Name Dropping for Money By Deborah Jeanne Sergeant

“It’s not what you know but who you know” has never been truer when interviewing celebrities.

Interviewing celebrities gives you more than just the ability to name-drop at parties. It also lends credibility and interest to your articles and springboards your writing career to better-paying assignments. You don’t have to live in Hollywood to gain access to celebrities. These tips will help you get rolling.

1. Find a celebrity who needs publicity. It may seem like they have all the press they need, but celebrities undertaking a new endeavor or endorsing a new product need publicity to sell their “brand” like anyone else selling a product. While researching an article on NASCAR for GEICO Direct, I learned that the GEICO-sponsored car had just signed Mike Wallace as its new driver. My editor helped me contact Wallace, who welcomed the opportunity for me to interview him and publicize his new allegiance. I’ve also reached celebs by going through the companies whose products they endorse, such as the manufacturer that hired baseball legend Orel Hershiser to promote their physical therapy equipment. Now celebrities occasionally request me, such as Sylvester and Jennifer Stallone, who read my business articles and asked my editor if I would profile Jennifer’s new business, Seriesse International.

2. Query a niche market. Supermodel-turned-fashion-mogul Kathy Ireland has been photographed for Sports Illustrated and interviewed for Reader’s Digest, Inc., and many other prominent publications. But I believed she’d make a great profile for Home Business Magazine, a trade publication for entrepreneurs. The editor agreed. I contacted Ireland through her web site and, within weeks, she scheduled a phone interview.

3. Attend a star-studded event. After reading in the newspaper that a charitable motorcycle ride planned to host William Shatner as special guest, I contacted a motorcycle magazine editor for which I had written before. He gave me a green light to attend and cover it. Now that I had a periodical seeking my article-to-be, the event organizers made arrangements for me to attend. Nearly always, you must have at least an on-spec opportunity lined up to get close to A-list celebrities. As it turned out, I was able to get really close: rainy weather gave me a four-hour van ride with only Shatner, his wife and a driver!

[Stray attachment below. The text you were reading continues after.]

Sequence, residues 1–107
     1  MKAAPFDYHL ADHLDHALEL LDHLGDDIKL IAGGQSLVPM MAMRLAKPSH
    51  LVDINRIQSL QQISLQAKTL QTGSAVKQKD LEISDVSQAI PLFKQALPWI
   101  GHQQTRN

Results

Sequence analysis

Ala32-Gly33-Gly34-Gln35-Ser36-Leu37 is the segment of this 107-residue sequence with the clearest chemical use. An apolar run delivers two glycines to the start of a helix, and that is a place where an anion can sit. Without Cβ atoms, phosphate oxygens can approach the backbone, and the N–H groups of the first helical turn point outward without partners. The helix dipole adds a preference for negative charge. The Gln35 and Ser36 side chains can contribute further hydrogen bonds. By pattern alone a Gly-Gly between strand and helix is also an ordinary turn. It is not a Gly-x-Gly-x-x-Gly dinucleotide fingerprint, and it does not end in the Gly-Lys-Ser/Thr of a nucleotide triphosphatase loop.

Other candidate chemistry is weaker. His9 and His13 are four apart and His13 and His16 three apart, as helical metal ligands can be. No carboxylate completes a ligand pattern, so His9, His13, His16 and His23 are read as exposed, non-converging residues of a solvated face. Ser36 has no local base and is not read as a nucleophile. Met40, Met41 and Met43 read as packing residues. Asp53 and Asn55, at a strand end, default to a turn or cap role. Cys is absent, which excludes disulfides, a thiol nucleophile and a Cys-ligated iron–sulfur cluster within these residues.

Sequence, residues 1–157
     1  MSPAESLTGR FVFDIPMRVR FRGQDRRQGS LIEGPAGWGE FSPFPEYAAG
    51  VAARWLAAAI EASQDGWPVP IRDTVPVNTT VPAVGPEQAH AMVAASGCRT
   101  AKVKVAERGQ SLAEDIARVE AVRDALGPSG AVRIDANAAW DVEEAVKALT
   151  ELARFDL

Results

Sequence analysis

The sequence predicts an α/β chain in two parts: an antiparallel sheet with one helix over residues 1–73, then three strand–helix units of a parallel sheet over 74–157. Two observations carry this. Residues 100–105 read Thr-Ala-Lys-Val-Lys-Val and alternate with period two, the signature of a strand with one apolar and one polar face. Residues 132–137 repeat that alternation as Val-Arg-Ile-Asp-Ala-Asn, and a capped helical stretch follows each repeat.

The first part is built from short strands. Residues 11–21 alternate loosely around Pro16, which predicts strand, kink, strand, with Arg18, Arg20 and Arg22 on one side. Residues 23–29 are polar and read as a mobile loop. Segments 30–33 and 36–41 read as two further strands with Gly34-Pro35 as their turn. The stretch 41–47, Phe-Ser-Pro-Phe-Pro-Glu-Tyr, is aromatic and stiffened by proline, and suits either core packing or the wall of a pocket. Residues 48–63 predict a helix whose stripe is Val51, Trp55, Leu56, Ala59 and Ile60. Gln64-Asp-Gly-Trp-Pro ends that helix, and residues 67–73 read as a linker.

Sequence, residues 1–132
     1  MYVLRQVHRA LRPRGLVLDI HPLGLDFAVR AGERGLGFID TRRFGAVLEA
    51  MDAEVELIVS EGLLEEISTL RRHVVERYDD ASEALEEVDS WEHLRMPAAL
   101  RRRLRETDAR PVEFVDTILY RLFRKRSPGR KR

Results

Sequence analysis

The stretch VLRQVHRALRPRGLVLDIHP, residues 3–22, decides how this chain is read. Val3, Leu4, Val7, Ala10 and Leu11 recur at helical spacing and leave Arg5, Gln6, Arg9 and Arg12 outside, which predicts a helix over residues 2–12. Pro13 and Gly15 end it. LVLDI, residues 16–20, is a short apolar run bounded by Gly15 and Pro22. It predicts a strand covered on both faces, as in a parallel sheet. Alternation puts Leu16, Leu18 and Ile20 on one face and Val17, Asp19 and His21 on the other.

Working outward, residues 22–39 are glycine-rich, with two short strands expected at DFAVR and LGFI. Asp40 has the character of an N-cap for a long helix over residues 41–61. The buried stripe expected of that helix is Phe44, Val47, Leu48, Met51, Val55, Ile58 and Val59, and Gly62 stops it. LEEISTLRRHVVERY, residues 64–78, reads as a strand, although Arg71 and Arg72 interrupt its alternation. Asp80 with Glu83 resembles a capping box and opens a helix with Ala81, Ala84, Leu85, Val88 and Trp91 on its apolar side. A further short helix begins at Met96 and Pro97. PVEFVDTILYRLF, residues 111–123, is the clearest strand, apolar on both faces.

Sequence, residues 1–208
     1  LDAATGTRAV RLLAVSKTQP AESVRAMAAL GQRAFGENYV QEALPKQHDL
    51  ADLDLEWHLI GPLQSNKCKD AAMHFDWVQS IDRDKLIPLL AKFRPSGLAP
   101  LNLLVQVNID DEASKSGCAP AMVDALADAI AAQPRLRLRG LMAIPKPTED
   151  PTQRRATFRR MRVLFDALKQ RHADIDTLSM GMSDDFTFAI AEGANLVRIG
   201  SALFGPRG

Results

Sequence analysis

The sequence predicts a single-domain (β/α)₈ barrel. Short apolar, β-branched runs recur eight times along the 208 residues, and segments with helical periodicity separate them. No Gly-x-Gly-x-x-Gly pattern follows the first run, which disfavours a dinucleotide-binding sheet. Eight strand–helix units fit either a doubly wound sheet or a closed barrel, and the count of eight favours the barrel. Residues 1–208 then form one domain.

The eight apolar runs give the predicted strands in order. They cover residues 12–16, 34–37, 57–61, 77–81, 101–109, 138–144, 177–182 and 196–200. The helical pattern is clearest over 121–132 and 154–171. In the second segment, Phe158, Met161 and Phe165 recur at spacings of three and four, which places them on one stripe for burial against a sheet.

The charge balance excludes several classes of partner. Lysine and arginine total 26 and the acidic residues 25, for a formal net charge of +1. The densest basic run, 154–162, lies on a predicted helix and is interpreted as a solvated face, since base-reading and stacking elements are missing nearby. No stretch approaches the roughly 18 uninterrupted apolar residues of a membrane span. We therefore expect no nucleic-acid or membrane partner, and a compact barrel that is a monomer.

4. Keep abreast of political appearances. While covering city board meetings for the local paper, I learned that Hillary Clinton would soon visit my area. Since that was my beat, my editor let me cover the event. I was able to ask her a few questions one-on-one after her speech. I’ve also interviewed lesser-known senators and assemblymen by writing for newspapers about their local appearances, some of which are also attended by pop culture celebrities. That’s how I met then-Governor George Pataki of New York, NASCAR’s Tony Stewart, Ben & Jerry’s co-founder Ben Cohen, and others.

Once you nail down your interview opportunity, here’s what you do next:

1. Research the celebrity through press releases, the celebrity’s official web site, and from reputable sources such as his authorized memoirs to avoid asking too many obvious questions.

2. Write open-ended, thought-provoking questions to guide the interview but remain flexible. You never know when an interview may take an interesting turn that can spawn more articles. During an interview on his business enterprises, I learned that George Foreman collects classic cars. I subsequently interviewed him for Auto Restorer.

3. Exhibit professionalism by punctuality, preparedness and by treating them like any other interviewee (i.e., don’t gush about being “their biggest fan”). However, most celebrities want to feel you’re aware of their achievements. (Sorry, Orel Hershiser, that you had to tell me you are a Cy Young Award winner.)

4. Ask if they’re open to being interviewed for subsequent articles and for the best way to contact them in the future. Don’t assume that it’s okay to call a private number; they may first want to have you speak with a secretary who arranges their schedule.

Visiting celebrities’ official websites represents a sensible way to gain access. These tips will help you get through to them.

+ Sending e-mail to a fan address undermines your professionalism.

+ Indicate “Attn: media relations” in the header.

+ Be succinct: “Hello. I am writing on assignment for XYZ Magazine and I would like to interview you for my article about 123…” Then explain in greater detail what the publication is like (if it’s obscure) and what your article is about. You may want to include a few sample interview questions. Reference any other celebrity-driven pieces you’ve written and provide links.

+ Do not pay an entity that charges to put you in touch with a celebrity, such as a booking agency. As a legitimate member of the media, you should not have to pay to contact a celebrity for an interview.

Living a few miles from a very small village in Upstate New York, Deborah Jeanne Sergeant writes full-time for a variety of trade and consumer publications. Her web site lists her other notable interview subjects. See: